"The longer you are a head coach, the more you learn," said Reeves, who remains a close friend of Phillips and agreed to join his Cowboys staff in an advisory role only to have the deal fall apart due to a contractual disagreement with owner/general manager Jerry Jones. "I don't care who you are. Everybody talks about Bill Belichick. He learned a lot from his first job. Wade learned from that first one, then he moved on to Buffalo. Really and truly, it was his loyalty to his [assistant] coaches that got him fired there."
The Cowboys have had top-10 defenses in Phillips' two seasons in charge, although his involvement is a somewhat complicated subject.
While doing his due diligence during the Cowboys' most recent coaching search, Jones talked to several people who had been around Phillips in his previous head coaching stops. One of those was Waters, who advised Jones that he should absolutely hire Phillips with the stipulation that he would run the defense.
"There's no reason why he can't do that and be a head coach," Waters said. "He doesn't need to worry about the offense. Just tell the offense not to turn it over too much."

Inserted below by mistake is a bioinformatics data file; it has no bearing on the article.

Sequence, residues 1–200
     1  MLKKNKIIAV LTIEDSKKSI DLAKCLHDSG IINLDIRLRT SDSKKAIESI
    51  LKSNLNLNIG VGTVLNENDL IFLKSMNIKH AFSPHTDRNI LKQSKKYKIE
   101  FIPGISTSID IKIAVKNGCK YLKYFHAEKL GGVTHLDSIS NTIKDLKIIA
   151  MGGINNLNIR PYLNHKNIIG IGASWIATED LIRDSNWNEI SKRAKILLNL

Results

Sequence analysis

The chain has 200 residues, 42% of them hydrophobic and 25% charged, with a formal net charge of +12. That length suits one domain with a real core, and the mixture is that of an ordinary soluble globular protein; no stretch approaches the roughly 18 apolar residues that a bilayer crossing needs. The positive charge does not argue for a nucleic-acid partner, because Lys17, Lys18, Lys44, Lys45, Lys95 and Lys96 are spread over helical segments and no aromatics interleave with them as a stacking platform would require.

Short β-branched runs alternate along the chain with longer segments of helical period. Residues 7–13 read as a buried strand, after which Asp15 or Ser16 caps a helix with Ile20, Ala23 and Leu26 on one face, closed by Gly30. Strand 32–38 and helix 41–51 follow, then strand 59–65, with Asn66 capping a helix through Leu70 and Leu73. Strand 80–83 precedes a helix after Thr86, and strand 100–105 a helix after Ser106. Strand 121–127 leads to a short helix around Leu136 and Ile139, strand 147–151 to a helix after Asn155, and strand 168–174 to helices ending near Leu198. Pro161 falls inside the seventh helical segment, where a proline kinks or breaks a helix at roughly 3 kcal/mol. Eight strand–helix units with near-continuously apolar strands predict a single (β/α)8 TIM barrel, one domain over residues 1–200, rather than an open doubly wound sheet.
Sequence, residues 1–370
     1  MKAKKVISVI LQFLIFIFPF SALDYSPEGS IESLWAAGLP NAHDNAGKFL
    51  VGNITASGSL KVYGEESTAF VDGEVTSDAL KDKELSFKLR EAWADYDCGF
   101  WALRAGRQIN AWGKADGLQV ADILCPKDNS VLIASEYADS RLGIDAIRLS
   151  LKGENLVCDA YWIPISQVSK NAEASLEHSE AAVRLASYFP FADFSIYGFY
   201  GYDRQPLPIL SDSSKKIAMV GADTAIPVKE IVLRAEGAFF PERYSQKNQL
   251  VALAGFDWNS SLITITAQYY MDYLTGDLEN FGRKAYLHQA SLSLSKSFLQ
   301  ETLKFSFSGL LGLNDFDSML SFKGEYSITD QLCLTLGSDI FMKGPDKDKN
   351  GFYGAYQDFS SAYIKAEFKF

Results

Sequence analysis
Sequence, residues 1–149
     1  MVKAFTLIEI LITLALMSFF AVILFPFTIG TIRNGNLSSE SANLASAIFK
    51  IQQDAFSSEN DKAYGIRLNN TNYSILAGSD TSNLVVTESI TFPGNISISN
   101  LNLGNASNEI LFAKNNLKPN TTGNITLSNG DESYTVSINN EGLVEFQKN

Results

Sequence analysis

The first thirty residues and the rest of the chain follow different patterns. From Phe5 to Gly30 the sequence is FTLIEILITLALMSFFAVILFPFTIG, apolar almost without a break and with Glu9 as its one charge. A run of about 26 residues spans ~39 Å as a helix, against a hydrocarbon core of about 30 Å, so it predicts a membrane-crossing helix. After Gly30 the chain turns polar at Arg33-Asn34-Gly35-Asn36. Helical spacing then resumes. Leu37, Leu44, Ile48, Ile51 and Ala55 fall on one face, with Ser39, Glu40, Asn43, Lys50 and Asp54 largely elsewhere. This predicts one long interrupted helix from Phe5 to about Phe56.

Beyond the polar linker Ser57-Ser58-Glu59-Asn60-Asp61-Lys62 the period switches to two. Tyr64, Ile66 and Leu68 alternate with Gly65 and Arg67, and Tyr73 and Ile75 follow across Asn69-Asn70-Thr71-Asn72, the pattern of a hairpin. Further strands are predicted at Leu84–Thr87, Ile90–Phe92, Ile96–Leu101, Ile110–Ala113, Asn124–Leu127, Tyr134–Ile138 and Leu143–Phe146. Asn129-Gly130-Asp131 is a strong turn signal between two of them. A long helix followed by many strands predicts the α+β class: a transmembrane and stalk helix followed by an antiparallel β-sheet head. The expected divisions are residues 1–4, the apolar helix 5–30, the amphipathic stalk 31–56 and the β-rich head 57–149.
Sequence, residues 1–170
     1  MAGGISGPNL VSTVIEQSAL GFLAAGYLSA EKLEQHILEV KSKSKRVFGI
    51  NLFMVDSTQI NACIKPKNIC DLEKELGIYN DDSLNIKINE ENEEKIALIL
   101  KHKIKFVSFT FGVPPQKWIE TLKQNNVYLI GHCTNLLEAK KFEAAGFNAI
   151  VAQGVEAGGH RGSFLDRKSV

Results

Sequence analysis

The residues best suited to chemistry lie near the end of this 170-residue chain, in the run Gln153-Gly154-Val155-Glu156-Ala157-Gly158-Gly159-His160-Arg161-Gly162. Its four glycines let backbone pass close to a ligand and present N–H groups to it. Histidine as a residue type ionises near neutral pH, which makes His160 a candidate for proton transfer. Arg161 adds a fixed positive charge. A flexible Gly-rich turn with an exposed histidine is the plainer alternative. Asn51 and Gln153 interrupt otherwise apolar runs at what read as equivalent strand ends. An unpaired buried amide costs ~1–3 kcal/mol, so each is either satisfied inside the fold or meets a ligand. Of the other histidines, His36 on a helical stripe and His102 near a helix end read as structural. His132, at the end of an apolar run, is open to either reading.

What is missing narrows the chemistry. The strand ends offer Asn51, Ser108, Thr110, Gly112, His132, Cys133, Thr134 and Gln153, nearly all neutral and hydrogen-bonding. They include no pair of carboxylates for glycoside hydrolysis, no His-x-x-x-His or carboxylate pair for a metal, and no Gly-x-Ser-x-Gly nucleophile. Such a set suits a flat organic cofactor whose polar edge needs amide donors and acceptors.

The Cowboys implemented Phillips' 3-4 scheme and his defensive philosophies when he was hired in 2007. He had major input on game plans and veto power on all play calls. However, Brian Stewart was the defensive coordinator and called the plays -- until Jones demanded Phillips take over those duties after a lopsided loss to the previously winless Rams last October.
Stewart, who considered Phillips a mentor and had followed him from San Diego to Dallas, was fired days after the Cowboys' disappointing 2008 season ended. The Cowboys never hired a replacement, instead making Phillips the NFL's only head coach/defensive coordinator.
There is no doubt that Phillips -- whose .590 winning percentage (72-50) ranks third among active coaches behind New England's Belichick and Philadelphia's Andy Reid -- is in charge of every facet of the defense this season.
Phillips read the contract he signed with the Cowboys. He's well aware that it expires at the end of the season. He'd like to keep this job, so he's given control of his defense to the coach he trusts the most.